So, we left the house early this morning at 7:30.  Not a problem for Noah, who we heard banging around at 5:30 this morning.  Noah slept so much when he was a baby, I was thinking we’d be smooth sailing through our mornings as he grew older.  Ha!  He is the first one up every morning and would probably be the last one in bed every night if we gave him that choice.  It’s okay, though.  I’ll take a healthy and rambunctious little boy, and I’ll thank the Lord he wakes up every morning, no matter what time it is.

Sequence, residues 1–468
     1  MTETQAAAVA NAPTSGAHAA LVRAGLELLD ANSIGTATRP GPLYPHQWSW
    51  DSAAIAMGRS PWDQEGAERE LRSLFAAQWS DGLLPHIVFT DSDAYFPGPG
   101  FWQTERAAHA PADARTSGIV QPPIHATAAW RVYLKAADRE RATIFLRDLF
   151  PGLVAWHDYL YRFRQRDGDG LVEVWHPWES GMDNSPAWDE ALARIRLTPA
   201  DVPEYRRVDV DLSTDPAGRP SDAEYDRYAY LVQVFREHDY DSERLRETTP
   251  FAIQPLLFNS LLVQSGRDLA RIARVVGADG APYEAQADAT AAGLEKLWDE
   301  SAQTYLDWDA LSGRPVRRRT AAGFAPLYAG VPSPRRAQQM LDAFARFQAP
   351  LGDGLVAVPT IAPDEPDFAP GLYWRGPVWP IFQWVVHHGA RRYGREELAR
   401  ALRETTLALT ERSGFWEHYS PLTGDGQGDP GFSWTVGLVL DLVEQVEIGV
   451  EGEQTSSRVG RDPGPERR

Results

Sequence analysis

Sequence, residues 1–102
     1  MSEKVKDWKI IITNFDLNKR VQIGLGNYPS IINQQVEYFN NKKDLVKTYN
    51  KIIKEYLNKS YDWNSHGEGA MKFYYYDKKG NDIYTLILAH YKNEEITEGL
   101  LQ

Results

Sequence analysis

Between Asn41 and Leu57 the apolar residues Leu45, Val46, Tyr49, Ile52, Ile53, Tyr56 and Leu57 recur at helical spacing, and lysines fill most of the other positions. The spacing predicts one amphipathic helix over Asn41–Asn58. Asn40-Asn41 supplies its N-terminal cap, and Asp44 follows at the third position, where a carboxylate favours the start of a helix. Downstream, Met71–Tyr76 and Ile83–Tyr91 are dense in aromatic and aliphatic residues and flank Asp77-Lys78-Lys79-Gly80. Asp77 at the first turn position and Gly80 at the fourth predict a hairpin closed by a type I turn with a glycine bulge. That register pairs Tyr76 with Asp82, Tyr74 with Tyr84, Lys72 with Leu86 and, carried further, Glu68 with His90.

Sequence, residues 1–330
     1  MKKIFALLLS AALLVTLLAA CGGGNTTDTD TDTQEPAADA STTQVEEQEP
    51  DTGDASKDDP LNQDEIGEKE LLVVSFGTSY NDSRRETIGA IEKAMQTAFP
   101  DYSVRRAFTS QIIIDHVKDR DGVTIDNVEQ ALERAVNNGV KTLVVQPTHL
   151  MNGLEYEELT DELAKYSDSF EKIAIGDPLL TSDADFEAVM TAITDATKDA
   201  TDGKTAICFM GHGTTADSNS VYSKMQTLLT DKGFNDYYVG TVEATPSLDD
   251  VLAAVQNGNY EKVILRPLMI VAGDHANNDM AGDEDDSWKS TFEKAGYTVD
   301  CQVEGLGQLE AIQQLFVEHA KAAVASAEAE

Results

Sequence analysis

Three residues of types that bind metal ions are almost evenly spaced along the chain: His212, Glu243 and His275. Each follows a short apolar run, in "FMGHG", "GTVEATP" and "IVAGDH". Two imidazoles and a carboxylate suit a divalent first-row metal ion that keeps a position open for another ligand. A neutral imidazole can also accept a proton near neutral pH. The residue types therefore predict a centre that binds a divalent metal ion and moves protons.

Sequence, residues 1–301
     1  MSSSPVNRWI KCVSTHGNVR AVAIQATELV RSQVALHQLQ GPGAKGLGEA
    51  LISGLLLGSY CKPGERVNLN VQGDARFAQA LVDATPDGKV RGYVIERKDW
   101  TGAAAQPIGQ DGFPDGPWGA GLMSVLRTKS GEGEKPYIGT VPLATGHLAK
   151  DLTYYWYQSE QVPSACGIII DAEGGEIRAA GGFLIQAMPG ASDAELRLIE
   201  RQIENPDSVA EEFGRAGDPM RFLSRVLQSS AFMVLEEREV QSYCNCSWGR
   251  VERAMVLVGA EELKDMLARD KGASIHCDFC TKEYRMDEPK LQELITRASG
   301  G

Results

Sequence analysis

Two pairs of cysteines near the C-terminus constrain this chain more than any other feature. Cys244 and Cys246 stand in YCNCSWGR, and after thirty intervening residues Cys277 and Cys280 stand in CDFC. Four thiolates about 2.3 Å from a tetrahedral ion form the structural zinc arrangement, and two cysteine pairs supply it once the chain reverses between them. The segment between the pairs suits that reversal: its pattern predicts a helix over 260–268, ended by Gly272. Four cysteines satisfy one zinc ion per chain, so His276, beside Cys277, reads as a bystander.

We live out in the country, and the hippotherapy arena is even further out in the country.  I was so excited – we actually left the house in time – hippotherapy started at 8:00.  I’m driving and driving, paying attention to the street signs, notice Noah’s physical therapist is in the car behind us, so when I pass a suspiciously familiar-looking street and notice she has turned onto it, I pulled off onto the side of the road and turned the car around.  Did I happen to mention we were out in the country, on a narrow road?  So what I pulled off into was something akin to quicksand.   Somehow with the front of my Suburban taking up a whole lane, the back half  got stuck in the quicksand-ish stuff (okay, okay, maybe it wasn’t quicksand, but it was soft, really soft) on the side of the road.